Ruby Weekly is a weekly newsletter covering the latest Ruby and Rails news.

By Peter Cooper / June 11, 2010

This is a great idea. It’s still a couple of months way, but on you can sign up for more updates, or you can follow @celebratewhyday on Twitter.

If you want to reminisce in the meantime, Ruby Inside’s link-packed A Cup Full of Why: 32 Why The Lucky Stiff Links will get you started. Read More

By Peter Cooper / June 11, 2010

The tenth RubyConf has been announced. It’ll be in New Orleans, LA between November 11-13, 2010. You can’t register yet, but there’s a button to book a room at the official hotel.

Considering how quickly RubyConf sometimes sells out, it’s worthwhile following @rubyconf on Twitter to be sure to catch when registration opens in case I don’t let you know quickly enough..! Read More

By Giles Bowkett / June 10, 2010

Giles Bowkett – Ruby Inside’s Top Presenter of 2008 – contributes a guest post:

I created a 90-minute video called How To Get A Kickass Job, Making Six Figures Working (From Home) With The Stars Of Your Community, Even If You Just Got So Fired That The Cops Hauled You Out Of The Building In Handcuffs. Part of my magic formula includes understanding Google PageRank, and the best way to understand complex, abstract mathematics is to reduce them to a very short Ruby script. As an aside, you’d be surprised how many complex, abstract theoretical thingamajigs can condense down to just a few lines of easily understandable Ruby. Read More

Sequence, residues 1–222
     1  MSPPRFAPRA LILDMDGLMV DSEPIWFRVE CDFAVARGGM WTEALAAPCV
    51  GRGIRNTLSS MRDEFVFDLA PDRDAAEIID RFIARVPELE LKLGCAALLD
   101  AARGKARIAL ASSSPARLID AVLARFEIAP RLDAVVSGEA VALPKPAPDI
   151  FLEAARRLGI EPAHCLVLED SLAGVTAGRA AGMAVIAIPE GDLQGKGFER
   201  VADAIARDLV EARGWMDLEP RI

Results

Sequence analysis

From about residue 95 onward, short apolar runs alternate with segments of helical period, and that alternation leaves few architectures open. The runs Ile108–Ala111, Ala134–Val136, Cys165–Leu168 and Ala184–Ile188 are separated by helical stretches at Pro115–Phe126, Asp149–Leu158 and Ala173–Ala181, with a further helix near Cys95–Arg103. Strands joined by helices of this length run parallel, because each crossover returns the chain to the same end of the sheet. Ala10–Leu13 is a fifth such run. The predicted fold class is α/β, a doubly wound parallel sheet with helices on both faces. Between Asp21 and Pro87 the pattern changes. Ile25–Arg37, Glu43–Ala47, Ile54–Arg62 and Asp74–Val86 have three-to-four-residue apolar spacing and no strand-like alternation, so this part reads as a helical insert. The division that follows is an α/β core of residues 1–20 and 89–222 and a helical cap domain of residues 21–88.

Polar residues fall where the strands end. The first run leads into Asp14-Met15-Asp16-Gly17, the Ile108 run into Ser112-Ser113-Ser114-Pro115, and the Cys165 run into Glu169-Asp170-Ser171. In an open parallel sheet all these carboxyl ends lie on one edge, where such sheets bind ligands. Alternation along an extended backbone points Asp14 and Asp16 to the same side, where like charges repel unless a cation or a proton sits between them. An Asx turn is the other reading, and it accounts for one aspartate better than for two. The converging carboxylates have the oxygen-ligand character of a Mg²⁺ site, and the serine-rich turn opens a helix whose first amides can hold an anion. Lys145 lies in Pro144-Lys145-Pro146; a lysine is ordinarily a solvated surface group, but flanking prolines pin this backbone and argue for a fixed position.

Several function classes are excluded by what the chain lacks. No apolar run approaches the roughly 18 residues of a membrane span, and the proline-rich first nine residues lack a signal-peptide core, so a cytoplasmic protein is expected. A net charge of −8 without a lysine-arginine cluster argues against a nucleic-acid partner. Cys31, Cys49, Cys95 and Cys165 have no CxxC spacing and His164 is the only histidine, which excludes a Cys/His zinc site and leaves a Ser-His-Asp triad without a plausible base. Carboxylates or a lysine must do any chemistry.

By Peter Cooper / June 10, 2010

Simone’s library public_suffix_service makes it easy to parse any domain name into its TLD, unique domain name, and subdomain portions, following the myriad of rules regarding all of the different TLDs that currently exist. Read More

By Peter Cooper / June 10, 2010